The effect of chewing sugar-free gum on gastro-esophageal reflux

J Dent Res. 2005 Nov;84(11):1062-5. doi: 10.1177/154405910508401118.


Regurgitated acid entering the mouth in gastro-esophageal reflux disease can cause dental erosion. Chewing gum could induce increased swallowing frequency, thus improving the clearance rate of reflux within the esophagus. The null hypothesis of this study was that chewing gum does not have any effect on the clearance of reflux from the distal esophagus. Thirty-one subjects presenting with symptoms of reflux were given a refluxogenic meal twice and were randomly selected to chew gum for half an hour after eating the meal. Esophageal pH was measured, and pH data were analyzed and compared during the postprandial periods for 2 hrs on the 2 occasions. The median (IQ range) values for the % time pH < 4 during the postprandial period without chewing gum were 5.7 (1.7-13.5) and, with chewing gum, 3.6 (0.3-7.3), respectively (p = 0.001). Chewing sugar-free gum for half an hour after a meal can reduce acidic postprandial esophageal reflux.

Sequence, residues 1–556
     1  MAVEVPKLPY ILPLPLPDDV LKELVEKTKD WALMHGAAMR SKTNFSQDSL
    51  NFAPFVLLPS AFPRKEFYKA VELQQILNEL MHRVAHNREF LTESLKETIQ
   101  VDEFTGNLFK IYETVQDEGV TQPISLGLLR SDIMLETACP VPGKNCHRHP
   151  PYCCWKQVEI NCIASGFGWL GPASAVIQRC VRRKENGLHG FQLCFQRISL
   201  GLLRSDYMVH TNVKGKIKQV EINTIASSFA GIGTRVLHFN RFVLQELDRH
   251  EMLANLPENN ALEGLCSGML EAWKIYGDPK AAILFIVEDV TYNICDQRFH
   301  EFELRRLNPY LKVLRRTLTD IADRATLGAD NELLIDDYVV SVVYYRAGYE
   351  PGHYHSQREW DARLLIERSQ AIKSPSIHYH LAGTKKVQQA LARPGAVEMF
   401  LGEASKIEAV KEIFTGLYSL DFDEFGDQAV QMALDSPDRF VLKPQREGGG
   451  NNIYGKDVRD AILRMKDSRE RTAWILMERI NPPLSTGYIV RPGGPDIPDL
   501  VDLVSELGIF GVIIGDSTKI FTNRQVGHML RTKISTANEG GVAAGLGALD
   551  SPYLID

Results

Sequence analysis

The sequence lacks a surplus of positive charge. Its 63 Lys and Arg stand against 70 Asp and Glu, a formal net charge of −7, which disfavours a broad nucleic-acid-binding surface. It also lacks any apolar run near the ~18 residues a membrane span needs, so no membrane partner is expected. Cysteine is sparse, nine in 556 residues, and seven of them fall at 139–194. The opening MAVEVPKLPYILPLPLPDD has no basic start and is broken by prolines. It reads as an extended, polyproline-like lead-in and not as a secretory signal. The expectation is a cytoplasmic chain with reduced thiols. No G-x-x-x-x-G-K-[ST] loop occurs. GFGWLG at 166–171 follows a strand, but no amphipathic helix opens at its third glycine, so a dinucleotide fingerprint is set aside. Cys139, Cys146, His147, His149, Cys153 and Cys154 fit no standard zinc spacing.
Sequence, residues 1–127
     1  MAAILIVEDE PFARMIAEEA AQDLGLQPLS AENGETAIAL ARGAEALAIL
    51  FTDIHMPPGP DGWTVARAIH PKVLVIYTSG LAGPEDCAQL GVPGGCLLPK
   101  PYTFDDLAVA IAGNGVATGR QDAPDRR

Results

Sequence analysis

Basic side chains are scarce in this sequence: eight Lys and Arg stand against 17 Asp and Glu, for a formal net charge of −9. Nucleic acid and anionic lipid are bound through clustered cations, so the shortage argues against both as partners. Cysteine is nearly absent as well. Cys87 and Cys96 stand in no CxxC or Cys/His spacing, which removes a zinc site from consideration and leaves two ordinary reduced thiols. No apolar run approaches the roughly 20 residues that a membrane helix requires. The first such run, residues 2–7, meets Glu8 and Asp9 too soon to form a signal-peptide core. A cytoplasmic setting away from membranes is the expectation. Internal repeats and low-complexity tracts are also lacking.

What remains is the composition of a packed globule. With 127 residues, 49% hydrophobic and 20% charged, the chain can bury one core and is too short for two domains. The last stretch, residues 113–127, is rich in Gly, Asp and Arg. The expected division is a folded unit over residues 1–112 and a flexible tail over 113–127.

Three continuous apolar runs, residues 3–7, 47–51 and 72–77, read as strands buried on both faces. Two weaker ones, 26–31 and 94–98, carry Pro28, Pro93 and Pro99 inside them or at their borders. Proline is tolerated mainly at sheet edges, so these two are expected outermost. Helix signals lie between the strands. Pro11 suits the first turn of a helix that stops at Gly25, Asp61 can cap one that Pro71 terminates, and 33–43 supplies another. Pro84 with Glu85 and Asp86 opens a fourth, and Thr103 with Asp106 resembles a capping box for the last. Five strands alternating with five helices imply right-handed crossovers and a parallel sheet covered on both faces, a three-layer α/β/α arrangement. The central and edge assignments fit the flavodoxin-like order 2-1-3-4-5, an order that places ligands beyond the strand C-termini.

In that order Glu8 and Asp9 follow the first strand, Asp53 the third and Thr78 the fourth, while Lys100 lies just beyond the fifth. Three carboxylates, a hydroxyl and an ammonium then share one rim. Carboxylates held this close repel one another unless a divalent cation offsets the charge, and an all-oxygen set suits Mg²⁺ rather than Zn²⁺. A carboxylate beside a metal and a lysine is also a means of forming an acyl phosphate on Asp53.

Publication types

  • Comparative Study
  • Randomized Controlled Trial
  • Research Support, Non-U.S. Gov't

MeSH terms

  • Chewing Gum* / analysis
  • Deglutition / physiology
  • Eating / physiology
  • Esophageal Sphincter, Lower / physiopathology
  • Esophageal pH Monitoring
  • Female
  • Gastric Acid / metabolism
  • Gastroesophageal Reflux / metabolism
  • Gastroesophageal Reflux / physiopathology*
  • Gastroesophageal Reflux / prevention & control
  • Heartburn / physiopathology
  • Heartburn / prevention & control
  • Humans
  • Male
  • Middle Aged
  • Sweetening Agents / chemistry


  • Chewing Gum
  • Sweetening Agents